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EPCU MONEY SMARTS

5 Ways to Protect Your Smartphone

Adoption of smartphones in the United States is ever on the increase. As we celebrate the premier of our EPCU Mobile Application we want to share with members some best practices for keeping your data safe and secure when accessing your accounts via a smart phone.

  1. Lock it - Most smart phones are equipped with the ability to set a passcode for locking and unlocking the phone. If you accidentally lose your smartphone or are the victim of a theft, an unlocked smartphone gives any passerby or thief complete access to every piece of data you access. Locking it can prohibit others from accessing your accounts or personal data.
  2. Download Trustworthy Apps – While one of the great things about smartphones is that you have access to countless free and inexpensive apps, be wary of those you choose to download. By nature, apps require some level of access to the data you store on your phone, which means some apps could maliciously acquire access to secure areas and data they shouldn't need. So before you go and download an app, read the reviews and research the app itself to determine if it is truly legit, and consider mobile security software.
  3. Update When Prompted- Ignoring updates to your phones software can leave your phone incredibly vulnerable. Android and iOS developers continue in their efforts to close loopholes and potential exploits with these upgrades. If you get behind on an update, odds are that you could be leaving your smartphone open for attack.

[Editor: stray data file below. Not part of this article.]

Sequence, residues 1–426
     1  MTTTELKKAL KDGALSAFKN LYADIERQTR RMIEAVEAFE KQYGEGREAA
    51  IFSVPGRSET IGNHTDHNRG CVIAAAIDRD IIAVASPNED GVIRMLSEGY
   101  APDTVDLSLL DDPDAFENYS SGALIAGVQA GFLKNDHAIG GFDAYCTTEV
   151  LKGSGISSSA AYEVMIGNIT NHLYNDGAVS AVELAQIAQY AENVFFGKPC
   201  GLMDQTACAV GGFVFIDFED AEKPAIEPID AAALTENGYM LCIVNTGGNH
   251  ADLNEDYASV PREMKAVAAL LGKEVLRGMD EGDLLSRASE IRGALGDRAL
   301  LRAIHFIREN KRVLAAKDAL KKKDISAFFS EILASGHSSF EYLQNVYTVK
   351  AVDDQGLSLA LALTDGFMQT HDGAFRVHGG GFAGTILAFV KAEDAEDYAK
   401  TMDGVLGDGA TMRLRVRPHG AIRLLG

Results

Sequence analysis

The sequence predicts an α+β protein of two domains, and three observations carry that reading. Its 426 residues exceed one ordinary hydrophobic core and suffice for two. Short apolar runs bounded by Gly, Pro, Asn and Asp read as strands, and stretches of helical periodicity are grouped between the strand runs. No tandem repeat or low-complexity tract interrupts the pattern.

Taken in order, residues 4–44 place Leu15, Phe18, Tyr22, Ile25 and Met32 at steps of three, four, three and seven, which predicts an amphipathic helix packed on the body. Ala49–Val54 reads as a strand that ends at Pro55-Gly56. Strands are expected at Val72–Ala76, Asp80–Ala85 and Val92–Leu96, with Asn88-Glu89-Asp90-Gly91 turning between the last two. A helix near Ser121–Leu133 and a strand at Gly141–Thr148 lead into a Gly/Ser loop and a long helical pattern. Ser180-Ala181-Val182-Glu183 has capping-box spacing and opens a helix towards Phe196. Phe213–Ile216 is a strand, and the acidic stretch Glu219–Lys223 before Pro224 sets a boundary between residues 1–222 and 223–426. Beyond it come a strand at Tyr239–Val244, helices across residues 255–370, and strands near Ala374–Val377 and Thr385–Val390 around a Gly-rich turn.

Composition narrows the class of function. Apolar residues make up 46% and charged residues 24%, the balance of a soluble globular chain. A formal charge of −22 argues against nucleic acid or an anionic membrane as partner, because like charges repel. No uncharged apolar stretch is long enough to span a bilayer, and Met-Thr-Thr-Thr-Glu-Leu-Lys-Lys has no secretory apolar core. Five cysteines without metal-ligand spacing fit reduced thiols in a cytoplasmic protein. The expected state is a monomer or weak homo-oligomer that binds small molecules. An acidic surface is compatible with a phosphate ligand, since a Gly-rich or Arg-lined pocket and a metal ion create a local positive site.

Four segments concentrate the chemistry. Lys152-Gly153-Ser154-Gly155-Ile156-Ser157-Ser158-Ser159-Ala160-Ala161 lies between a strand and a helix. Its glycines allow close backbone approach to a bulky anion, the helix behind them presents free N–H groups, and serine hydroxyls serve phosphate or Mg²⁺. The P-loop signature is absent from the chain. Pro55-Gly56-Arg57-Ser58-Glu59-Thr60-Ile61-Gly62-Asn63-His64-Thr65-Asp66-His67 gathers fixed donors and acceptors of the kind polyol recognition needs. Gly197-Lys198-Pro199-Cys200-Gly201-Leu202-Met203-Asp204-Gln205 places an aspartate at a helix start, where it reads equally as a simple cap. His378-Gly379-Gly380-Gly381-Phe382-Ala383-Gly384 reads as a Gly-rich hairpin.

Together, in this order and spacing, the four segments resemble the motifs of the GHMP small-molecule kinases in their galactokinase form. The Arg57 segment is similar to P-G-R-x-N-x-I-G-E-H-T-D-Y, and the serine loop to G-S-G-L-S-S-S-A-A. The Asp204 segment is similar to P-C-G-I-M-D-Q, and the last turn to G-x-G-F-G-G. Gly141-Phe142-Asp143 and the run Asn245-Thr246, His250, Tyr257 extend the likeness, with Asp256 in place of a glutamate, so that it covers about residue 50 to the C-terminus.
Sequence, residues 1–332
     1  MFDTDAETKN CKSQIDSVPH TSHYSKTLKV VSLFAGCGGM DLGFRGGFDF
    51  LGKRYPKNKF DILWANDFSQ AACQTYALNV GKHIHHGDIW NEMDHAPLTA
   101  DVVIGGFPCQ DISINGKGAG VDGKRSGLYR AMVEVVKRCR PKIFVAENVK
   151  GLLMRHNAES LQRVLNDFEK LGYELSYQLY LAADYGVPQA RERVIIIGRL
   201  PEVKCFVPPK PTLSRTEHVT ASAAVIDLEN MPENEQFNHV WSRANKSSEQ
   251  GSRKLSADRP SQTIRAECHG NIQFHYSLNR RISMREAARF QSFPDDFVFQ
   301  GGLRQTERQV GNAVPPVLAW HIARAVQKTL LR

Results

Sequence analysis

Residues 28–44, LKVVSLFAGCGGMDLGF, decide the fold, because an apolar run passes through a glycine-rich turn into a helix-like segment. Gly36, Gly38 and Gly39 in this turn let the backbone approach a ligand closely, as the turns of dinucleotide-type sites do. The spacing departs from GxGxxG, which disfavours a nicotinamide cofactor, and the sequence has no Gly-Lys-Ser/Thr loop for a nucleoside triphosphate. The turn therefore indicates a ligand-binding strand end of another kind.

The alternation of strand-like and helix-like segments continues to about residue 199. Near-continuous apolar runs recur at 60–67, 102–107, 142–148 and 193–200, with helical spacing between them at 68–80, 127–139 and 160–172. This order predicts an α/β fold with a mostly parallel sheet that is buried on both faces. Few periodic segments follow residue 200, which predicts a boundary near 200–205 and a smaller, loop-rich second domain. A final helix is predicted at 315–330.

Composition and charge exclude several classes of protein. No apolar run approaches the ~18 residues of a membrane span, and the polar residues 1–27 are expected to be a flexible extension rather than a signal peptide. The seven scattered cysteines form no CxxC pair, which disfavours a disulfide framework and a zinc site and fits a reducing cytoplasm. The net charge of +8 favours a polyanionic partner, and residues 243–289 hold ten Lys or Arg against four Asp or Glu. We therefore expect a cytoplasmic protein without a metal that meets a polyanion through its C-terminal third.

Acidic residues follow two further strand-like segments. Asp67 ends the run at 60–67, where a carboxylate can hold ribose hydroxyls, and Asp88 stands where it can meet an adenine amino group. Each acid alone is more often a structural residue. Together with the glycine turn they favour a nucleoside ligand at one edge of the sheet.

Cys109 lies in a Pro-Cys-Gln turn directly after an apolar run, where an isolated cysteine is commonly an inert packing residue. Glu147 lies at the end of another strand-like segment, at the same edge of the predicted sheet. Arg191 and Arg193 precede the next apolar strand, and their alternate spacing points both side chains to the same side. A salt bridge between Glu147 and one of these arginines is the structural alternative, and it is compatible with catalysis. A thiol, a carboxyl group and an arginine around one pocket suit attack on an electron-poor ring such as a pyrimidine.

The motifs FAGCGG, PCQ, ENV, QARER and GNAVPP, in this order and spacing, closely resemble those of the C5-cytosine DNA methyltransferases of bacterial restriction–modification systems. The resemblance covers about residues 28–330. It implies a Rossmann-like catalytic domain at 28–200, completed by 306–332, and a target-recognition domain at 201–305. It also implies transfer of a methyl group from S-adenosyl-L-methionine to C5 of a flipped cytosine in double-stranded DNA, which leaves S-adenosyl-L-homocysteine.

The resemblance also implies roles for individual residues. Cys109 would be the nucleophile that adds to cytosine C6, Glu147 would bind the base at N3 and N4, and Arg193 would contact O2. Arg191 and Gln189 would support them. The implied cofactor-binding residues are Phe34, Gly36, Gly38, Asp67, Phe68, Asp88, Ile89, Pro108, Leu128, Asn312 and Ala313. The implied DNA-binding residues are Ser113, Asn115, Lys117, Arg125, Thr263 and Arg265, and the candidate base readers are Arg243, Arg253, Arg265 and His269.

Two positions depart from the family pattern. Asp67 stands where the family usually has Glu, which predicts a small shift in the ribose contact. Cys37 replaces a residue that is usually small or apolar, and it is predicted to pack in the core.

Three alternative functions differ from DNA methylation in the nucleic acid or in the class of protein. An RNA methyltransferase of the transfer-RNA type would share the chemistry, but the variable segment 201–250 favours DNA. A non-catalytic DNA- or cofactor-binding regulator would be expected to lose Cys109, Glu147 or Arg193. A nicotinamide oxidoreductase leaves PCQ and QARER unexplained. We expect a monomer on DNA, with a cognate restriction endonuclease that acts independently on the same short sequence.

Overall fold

4. Turn Off GPS, Bluetooth and Wireless - When you aren't using the GPS, Bluetooth and wireless features of your smartphone, you should consider disabling them. Not only are they constantly draining your battery, they can also be routes malicious content will access. Before you access a public wireless network, think about what other devices could potentially access your device through it.
  5. Prepare for the Worst with Remote Wipes - If someone were to steal your smartphone, what information would they have access to? What damage could they inflict upon your bank account, credit score, and social networking accounts? If your answer is "a lot," then you should consider putting a remote wipe app in place. A remote wipe app would allow you to simply turn on your computer, access your remote wipe settings via a web browser, and then this software will remotely access your phone via a wireless or carrier signal and return the smartphone to its factory settings, completely erasing all personal information affiliated with you.
 
     
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